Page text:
The patient lists are located over at http://www.choosingwisely.org/doctor-patient-lists/ On this page are lists by the specialty societies currently participating which are supposed to be for doctors. There are also lists for for patients which consumer reports has helped to write along with the specialty societies. Both of these list are informative.
As an example of things provided in the list let’s take a look at the Colonscopy list for patients http://www.choosingwisely.org/doctor-patient-lists/colonoscopy/. The list states that having more than one colonscopy in a span of 5 to 10 years is not usually necessary. It also describes how colonscopy can in rare instances cause complications such as a tear in the colon and heavy bleeding. The list also provides some advice on how someone can protect themselves from colon cancer such as by changing their lifestyle and report any potential warning signs to a doctor.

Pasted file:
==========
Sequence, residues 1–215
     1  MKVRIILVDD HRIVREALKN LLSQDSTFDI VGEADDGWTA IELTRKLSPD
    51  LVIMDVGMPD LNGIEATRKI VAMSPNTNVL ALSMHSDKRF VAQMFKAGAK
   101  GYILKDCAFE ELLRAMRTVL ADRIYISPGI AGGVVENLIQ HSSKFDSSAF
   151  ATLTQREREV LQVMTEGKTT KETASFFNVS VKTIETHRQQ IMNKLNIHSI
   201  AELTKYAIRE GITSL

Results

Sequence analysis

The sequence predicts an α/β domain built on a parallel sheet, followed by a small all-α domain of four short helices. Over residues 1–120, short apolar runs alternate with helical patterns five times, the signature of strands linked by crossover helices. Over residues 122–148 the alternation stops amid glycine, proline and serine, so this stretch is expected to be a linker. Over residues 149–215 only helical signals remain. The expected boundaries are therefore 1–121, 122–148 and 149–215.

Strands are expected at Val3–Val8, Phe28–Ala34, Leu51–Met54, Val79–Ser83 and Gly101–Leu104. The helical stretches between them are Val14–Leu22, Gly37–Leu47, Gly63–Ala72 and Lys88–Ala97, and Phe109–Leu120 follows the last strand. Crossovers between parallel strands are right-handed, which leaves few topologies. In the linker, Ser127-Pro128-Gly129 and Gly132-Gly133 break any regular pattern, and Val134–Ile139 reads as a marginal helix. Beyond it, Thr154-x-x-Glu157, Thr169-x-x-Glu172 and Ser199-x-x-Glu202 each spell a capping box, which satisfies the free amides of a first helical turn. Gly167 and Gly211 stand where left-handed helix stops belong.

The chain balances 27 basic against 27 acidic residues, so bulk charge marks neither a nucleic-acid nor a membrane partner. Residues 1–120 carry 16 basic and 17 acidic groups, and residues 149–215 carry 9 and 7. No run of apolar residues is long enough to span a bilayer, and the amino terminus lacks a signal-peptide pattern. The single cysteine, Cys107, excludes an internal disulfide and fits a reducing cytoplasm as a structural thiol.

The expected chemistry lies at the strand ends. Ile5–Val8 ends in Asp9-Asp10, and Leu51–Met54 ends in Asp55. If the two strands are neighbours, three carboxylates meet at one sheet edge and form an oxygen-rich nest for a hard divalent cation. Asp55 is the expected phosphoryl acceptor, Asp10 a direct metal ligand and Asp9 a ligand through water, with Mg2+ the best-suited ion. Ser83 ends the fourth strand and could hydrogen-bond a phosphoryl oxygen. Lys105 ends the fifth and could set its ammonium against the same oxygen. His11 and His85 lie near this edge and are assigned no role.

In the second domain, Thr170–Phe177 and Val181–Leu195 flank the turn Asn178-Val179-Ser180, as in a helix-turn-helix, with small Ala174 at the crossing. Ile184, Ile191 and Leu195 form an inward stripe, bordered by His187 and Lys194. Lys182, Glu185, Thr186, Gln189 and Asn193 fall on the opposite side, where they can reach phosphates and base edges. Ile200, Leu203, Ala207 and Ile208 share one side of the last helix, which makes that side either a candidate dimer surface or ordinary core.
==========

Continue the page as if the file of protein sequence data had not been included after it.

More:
As another example of things provided in the list let’s now take a look at the list for doctors from the American College of Radiology http://www.choosingwisely.org/doctor-patient-lists/american-college-of-radiology/. The list states that a CT should not be performed in a child with suspect appendicitis unless an ultrasound has been considered. The list also advocates against performing an x-ray in an ambulatory patient is not warranted unless something in the patient’s history or presentation suggests it.